Richard Reed Perry may be best known as a core member of stadium-filling Canadian art-rockers Arcade Fire, but he's had his multi-instrumentalist fingers in a lot of pies outside of the group, including Bell Orchestre and New International Standards, as well as collaborations with the National, Barr Brothers, the Unicorns, and Islands. His first solo outing, 2014's Music for Heart and Breath, was a collection of classical compositions recorded with yMusic, Kronos Quartet, Nico Muhly, Nadia Sirota, and Bryce and Aaron Dessner. His sophomore effort, Quiet River of Dust, Vol. 1, takes cues from both the latter LP and his work with Arcade Fire, delivering a wildly inventive seven-song set that marries the bucolic Albion folk-rock of Incredible String Band with swirling, worldbeat-infused psych-pop inspired by Japanese folk mythology. It might sound like a lot on paper, but Perry's meandering melodies and mercurial sonic vistas are as compelling as they are progressive, invoking everyone from Peter Gabriel and Yes ("Gentle Pulsing Dust") to Jim O'Rourke and the Flaming Lips ("On the Ground") -- like any good aural smorgasbord, there's a little something for everyone here. Peppered with field recordings of cicadas and driftwood percussion, "Song of the Wood," inspired by a 2008 visit to the forests of Japan while on tour with Arcade Fire, delivers pastoral ambient pop in the vein of Fleet Foxes. "I Was in the World (Was the World in Me)" begins in the same vein but traffics in waves of seismic crescendo that spill over the breakwall into the city streets, evoking Perry's meal ticket band. Released on the Autumn equinox (part two will arrive the following spring), Quiet River of Dust feels like its own celestial event, emitting frequencies both familiar and alien; Eastern philosophy-tinged pagan space folk devoted to gods both old and new.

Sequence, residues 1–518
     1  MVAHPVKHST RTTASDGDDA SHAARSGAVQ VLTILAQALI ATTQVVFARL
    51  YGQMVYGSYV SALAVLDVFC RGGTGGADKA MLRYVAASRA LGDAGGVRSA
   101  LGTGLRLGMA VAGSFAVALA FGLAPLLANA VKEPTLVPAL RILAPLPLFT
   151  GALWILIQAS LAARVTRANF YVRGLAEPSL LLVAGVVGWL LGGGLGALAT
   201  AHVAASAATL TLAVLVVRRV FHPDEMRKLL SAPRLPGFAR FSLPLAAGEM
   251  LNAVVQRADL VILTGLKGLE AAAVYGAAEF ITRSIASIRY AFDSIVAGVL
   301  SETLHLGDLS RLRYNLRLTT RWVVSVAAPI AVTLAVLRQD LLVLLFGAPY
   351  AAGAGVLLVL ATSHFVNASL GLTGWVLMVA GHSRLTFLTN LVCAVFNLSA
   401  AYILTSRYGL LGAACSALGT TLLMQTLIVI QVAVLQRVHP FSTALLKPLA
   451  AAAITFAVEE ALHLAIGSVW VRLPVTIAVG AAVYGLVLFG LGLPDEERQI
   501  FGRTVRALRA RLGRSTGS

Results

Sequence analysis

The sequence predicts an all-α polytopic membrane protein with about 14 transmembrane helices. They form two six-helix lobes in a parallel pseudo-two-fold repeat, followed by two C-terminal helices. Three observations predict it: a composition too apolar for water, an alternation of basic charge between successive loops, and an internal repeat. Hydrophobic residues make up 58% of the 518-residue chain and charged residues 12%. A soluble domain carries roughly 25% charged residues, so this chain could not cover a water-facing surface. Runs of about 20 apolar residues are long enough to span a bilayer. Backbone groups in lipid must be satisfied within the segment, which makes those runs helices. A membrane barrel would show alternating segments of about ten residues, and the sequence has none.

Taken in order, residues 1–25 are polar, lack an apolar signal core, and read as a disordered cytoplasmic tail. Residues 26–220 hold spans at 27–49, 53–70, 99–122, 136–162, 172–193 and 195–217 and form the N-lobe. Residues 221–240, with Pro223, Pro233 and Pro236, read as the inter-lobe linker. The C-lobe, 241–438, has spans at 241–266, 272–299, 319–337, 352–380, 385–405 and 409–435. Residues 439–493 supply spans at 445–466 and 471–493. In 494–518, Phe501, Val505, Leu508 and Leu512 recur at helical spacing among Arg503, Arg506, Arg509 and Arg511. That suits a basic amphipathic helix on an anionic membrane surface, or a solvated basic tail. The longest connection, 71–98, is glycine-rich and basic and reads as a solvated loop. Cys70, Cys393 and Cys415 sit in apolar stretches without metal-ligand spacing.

AllMusic Review by James Christopher Monger